Novel Writing Tips - Presenting Background Info
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How do you introduce background information into your story without being awkward? Here are some tips to help.
TIP #1 - You don't have to provide all the information up front.
Often beginning writers feel the need to introduce every new character with a little bio...
Or they start a story by laying out the history of everything that's about to take place.
This can be boring and slow down your fiction. But readers don't need to know everything right away.
Just sure that you provide enough information that they can follow the action, and then you can provide background information later.
You can weave it in gradually, a little at a time...
Or you can wait until a moment when you want to slow your story down or create a pause, and fill in some background information then.
In general, you want the beginning of your story to be as engaging as possible in order to capture your reader's interest. Background information is normally NOT the most engaging part of a story, so the beginning is often not the best place to include a lot of it.
TIP #2 - Your reader doesn't have to know everything.
You might have imagined a detailed biography for your characters...
You might have mapped out a complex fictional world. Or researched the history of your story's setting.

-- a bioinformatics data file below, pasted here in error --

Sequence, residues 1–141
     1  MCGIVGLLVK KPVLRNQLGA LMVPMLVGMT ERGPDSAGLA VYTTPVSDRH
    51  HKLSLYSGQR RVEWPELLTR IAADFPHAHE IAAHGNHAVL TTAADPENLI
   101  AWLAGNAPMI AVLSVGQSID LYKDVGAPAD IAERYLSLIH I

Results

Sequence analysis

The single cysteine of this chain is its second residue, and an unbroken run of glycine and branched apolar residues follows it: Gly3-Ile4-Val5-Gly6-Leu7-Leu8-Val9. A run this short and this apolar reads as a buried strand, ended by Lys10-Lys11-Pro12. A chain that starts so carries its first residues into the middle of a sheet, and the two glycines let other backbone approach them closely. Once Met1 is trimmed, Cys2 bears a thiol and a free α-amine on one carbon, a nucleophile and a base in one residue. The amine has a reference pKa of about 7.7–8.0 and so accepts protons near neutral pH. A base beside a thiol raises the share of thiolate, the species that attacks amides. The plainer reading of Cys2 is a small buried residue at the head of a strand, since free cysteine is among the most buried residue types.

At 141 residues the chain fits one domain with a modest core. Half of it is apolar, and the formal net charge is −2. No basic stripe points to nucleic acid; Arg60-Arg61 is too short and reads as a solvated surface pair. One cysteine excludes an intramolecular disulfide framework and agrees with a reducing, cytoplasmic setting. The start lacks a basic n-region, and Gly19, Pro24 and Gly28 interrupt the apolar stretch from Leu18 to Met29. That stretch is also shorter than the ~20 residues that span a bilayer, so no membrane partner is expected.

Include details that fit naturally into your story, adding interest and authenticity. But don't cram in information that doesn't belong there.
It's fine to leave stuff out.
In fact, if you give readers the sense that there's more to the story's world than what they see on the page, that can add dimension to your story.
Let them suspect that the story they see is just the tip of the iceberg, but there are untold depths underneath...
TIP #3 (Use with caution!) - You can sometimes provide background information via dialogue.
For example, instead of explaining to the reader the origen of your villain's evil plan, you can show him boasting about it to his cronies.
Or instead of explaining the history of your main character's town, you could let your character explain it to an out-of-town relative.
This strategy allows you to make background information part of your story's scenes instead of taking time away from the action.
But use with caution: it's easy for this strategy to feel artificial. Never force words into characters' mouths -- only give them lines that they would naturally say.
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